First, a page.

1 Ok, making a sound that is clearly and distinctly yours and making it good at the same time is tough. It’s pretty easy to make something original and shit.

MP3: They Already Know by Bright Spark Destroyer

Still Feelin’ Blue

The hype machine has started to rev up in the UK for Caitlin Rose, a Tennessee-based country singer-songwriter, with positive reviews in everything from the BBC, to The Word via the Sunday Times. And this is no bad thing; country music still has a bad name here, being largely associated with line-dancing and straw-chewing rednecks who’s as soon shoot you as sodomise you.

A Gun-Toting Rube, Yesterday

Those of us in the know (like me, natch) understand that country isn’t just the preserve of gun-totin’ crackers, but a fine genre of music that encompasses the full spectrum of the human condition in all its glory, and with good tunes, too. And in digging around a little about this lady, I stumbled across her cover of Gram Parsons’ “Still Feelin’ Blue”. Starting as much more stripped-down than the original, just her and an acoustic, but with a ramshackle charm. If you’re thinking “That’s it? What about the original’s ebulliently yawling charm?”, all I can say is just keep listening.

Must give the new album a try (“Own Side Now”), if this is what she can do. As for the original; hell, if you don’t like this, you don’t like music.

MP3: Still Feelin’ Blue by Caitlin Rose

MP3: Still Feeling Blue by Gram Parsons

Picture This

Here’s a little question for you. How many copies of Parallel Lines do you think Blondie sold? 1 million? Sure, that’s a pretty decent number for a post-punk-pop band, but not even close. 5 million? That would keep any decently managed band in drainpipe jeans and guitars for life. But no.

10 million? Getting closer, but still no cigar.

They sold, depending on who you listen to, between 20 and 40 million copies.

Let that sink in a minute. Those sort of numbers make you a global star. Once you sell that many records, you can do whatever you like the rest of your life. You are seriously, properly, yacht-buying, helicopter-flying rich. Of course, things didn’t quite work out that well for the band, what with Chris Stein suffering from an horrific auto-immune disease called Pemphigus, causing him to be seriously ill for many years (he’s better now, thankfully).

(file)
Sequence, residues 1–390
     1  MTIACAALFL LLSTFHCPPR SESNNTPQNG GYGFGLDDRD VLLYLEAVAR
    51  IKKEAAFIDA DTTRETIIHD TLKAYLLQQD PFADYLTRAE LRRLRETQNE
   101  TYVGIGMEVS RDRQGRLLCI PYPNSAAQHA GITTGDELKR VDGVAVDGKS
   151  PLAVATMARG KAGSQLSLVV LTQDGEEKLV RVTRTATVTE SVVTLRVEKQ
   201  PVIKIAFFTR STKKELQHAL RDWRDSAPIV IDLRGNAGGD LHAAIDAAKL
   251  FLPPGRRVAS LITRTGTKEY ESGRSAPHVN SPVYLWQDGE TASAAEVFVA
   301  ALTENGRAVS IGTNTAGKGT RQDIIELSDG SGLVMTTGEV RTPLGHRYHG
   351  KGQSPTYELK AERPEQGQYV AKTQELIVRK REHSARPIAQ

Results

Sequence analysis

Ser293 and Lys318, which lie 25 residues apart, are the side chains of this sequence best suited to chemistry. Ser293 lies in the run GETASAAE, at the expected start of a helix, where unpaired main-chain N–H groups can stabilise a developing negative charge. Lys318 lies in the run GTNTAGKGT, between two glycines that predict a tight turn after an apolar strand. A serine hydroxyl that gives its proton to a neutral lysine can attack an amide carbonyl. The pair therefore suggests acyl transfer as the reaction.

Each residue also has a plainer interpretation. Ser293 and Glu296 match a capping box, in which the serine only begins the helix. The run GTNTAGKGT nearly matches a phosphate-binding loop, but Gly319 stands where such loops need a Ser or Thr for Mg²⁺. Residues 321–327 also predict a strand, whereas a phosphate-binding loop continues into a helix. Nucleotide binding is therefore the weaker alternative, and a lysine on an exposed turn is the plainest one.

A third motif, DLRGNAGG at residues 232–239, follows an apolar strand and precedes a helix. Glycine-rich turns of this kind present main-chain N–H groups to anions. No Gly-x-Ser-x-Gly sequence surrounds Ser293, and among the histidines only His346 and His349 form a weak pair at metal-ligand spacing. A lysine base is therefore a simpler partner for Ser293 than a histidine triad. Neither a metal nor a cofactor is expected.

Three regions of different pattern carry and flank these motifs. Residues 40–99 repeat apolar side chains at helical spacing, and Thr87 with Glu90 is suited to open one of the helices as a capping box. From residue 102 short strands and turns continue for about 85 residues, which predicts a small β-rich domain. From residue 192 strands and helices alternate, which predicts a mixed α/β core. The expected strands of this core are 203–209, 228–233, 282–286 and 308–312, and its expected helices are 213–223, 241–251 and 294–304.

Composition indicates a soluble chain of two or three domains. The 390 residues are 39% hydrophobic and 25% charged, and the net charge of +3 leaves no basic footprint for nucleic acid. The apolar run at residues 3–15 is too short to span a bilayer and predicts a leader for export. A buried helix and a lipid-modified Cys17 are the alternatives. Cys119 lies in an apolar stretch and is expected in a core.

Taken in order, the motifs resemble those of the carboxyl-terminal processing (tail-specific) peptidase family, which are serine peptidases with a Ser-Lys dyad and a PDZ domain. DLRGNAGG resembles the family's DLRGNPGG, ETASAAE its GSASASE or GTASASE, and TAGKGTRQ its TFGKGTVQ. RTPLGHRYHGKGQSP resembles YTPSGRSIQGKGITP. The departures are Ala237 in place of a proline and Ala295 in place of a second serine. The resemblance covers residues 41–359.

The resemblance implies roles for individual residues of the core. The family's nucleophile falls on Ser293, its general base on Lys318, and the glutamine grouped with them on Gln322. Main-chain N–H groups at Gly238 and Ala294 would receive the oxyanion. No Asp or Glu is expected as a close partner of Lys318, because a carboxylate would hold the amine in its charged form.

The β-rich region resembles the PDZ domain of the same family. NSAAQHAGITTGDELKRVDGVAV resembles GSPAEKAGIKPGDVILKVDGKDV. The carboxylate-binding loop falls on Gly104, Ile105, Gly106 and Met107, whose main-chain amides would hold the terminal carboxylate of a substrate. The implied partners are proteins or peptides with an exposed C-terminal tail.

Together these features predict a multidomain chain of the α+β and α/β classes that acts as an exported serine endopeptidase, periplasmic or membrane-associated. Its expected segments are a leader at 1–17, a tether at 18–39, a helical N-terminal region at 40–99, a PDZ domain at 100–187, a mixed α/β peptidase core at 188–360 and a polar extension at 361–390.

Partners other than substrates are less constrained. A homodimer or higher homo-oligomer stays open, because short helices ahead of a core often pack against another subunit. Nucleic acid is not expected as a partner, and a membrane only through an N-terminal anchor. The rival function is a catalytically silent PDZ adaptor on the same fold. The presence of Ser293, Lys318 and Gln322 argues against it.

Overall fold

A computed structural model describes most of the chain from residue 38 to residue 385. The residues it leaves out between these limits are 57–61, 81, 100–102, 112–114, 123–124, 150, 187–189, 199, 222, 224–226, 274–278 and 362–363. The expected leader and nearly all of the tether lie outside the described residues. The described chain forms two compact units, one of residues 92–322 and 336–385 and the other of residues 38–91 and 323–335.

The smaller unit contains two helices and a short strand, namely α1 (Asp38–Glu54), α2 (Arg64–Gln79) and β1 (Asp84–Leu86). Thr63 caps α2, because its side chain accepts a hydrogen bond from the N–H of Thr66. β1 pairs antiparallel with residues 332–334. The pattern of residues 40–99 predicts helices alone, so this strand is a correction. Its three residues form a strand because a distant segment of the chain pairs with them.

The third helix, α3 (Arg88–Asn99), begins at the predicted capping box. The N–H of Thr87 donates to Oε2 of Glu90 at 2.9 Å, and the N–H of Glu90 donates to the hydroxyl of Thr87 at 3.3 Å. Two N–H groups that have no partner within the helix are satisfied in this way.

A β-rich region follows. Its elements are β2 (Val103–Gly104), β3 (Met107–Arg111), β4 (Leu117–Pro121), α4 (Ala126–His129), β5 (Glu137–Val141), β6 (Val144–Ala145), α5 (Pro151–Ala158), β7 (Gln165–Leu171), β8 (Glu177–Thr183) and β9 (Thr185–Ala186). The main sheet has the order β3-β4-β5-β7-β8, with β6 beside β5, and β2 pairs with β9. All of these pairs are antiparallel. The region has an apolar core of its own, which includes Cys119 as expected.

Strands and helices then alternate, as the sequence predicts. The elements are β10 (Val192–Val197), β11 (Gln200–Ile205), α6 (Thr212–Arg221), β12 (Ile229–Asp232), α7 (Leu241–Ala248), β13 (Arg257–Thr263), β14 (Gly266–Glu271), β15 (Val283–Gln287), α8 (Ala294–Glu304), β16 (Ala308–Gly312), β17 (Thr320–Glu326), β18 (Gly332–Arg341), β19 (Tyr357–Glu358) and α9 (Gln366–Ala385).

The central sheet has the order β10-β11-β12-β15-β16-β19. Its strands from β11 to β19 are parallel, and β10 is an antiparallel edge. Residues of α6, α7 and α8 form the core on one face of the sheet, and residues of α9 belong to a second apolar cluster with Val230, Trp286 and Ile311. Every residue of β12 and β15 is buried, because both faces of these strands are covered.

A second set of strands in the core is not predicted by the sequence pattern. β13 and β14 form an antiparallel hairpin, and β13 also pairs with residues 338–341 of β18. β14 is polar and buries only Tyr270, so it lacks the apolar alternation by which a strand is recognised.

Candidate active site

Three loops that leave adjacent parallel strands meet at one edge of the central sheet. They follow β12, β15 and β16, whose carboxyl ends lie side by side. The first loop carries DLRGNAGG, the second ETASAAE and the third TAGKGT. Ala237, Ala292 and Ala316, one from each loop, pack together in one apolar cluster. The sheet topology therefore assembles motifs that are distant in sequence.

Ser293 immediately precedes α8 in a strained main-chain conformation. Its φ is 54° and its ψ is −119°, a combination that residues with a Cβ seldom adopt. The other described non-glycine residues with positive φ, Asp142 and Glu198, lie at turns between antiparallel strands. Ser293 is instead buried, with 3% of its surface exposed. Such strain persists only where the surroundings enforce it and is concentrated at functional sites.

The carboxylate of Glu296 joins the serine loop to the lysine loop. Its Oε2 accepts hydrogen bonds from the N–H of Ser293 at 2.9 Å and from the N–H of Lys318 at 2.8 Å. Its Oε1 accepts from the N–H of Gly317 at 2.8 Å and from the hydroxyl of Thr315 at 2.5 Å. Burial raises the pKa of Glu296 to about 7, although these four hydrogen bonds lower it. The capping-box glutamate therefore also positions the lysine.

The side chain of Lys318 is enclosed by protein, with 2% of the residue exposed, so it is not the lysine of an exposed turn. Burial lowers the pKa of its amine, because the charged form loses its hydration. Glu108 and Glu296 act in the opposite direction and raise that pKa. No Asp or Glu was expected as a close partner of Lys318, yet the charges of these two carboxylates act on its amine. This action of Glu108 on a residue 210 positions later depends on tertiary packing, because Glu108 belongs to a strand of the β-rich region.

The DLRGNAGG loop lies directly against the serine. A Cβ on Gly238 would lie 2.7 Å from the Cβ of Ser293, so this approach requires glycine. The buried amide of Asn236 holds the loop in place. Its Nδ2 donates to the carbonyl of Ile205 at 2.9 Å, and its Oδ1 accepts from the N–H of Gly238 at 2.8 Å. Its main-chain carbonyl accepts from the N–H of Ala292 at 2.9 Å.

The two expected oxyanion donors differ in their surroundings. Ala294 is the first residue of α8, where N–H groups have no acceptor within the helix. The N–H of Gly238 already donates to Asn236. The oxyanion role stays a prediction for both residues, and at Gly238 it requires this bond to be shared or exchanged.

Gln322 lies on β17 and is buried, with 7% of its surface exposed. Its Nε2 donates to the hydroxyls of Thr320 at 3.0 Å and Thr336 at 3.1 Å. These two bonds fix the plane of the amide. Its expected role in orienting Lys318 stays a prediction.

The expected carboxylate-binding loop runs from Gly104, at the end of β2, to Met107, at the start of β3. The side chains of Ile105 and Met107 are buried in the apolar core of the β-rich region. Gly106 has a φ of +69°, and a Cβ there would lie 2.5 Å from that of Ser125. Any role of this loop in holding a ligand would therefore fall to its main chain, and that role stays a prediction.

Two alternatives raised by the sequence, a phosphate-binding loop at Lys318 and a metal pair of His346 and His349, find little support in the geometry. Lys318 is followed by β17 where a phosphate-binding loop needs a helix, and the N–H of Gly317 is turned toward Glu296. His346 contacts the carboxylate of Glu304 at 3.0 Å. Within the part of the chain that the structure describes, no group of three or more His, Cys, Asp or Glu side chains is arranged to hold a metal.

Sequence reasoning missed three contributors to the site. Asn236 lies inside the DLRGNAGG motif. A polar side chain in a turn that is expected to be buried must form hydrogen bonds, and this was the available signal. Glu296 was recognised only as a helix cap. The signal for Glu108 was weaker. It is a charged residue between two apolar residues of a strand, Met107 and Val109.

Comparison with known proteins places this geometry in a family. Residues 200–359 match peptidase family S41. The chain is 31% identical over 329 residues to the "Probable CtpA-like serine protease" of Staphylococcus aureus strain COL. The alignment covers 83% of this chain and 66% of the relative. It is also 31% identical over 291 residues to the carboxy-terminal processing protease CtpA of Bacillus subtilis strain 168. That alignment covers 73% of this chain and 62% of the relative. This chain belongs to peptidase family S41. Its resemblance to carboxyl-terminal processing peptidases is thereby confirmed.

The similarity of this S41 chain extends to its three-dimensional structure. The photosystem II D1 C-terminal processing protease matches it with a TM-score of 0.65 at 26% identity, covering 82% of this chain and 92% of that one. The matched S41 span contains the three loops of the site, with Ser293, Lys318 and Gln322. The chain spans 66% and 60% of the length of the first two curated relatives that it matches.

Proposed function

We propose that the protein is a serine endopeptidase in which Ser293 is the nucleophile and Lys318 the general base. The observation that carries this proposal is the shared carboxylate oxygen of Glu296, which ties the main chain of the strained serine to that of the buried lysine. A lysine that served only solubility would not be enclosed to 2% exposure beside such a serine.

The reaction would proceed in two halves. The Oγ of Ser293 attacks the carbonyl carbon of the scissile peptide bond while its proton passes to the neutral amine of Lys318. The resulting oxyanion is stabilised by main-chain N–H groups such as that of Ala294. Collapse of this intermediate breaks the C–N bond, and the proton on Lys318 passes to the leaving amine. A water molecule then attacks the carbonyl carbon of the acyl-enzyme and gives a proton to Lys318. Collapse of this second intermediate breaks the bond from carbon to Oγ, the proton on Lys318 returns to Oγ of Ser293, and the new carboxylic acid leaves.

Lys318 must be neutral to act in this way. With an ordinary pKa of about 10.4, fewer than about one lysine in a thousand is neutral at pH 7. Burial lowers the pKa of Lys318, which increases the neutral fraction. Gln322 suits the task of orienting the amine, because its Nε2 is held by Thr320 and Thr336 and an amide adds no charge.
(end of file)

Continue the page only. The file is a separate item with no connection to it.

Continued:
Anyway, that was just a little thought for today. The days of a band like Blondie selling even a tenth of that number of records is long, long gone. Whilst I’ve railed against the waste and extravagance of the record industry in the past, you can’t help but admire the way it could turn a bunch of hugely talented musicians into global superstars, and making them, and some pretty obscure songwriters, very, very, very rich. Not that money makes you happy, of course, but it can buy you a better class of misery.

As a little tribute to the record, the band, and one of the obscure musicians who wrote some of the songs on the album, here’s “Hanging On The Telephone”, the opener to Parallel Lines. Enjoy your Saturday.

MP3: Hanging On The Telephone by Blondie

Buy “Parallel Lines: Remastered” (CD/MP3)

The Pitchfork 500 Indie Explosion Part 1 – Mekons to The Smiths

The mid-’80’s saw the UK Independent music scene reach another of its many high points. For a couple of years, the scene had been characterised by ramshackle amateurism, post-punk dourness and not a small amount of glumness (following on from the late ’70’s glories). But as always in the ever-changing UK scene, like mushrooms growing from manure, some of the finest pop music known to man sprung from all over the UK. Others, like The Jesus And Mary Chain, found new ways to be angry and noisy and blew apart the hitherto moribund scene.

The Mekons – Last Dance
The Jesus and Mary Chain – Just Like Honey
The Smiths – How Soon Is Now?

The Mekons were a punk collective, formed in Leeds in the furnace of the punk years. Then they did the usual thing, and broke up. Then, being a forward-looking bunch, decided to not bother reforming in the mid Naughties like compatriots Gang Of Four and got back together in 1984 to do some gigs supporting the Miner’s Strike. Taking the opportunity to experiment, they added a violinist, an accordionist, and sundry other members and set about making a kind of ramshackle folk sound, using their curiosity and a certain amount of musical talent to make charmingly tuneful, if somewhat disorganised music.

Charmingly Ramshackle

“Last Dance” tells the tale of being drunk in a nightclub, watching some lovely lady dancing away on her own. Sure, there’s quite a few examples of this genre in everything from Country to Hip-Hop, but few have put it quite as charmingly as this:

“So beautiful, you were waltzing\Little frozen rivers all covered with snow”

You don’t get that from 50 Cent. There’s more to the song than just drunken letching though; the line “as if seeing you for the first time” points out that he’s not just randomly ogling, there’s a depth to this apparently one-sided relationship, adding a certain poignancy. The Mekons never really got any kind of mainstream success or recognition, but have continued releasing records to a small, loyal and fervent fanbase. And who can blame them? This is exactly the kind of largely unknown gem that the Pitchfork 500 does such a good job in digging up, and one of those songs that makes you glad to trawl through the whole load. Lovely, I’m sure you’ll agree.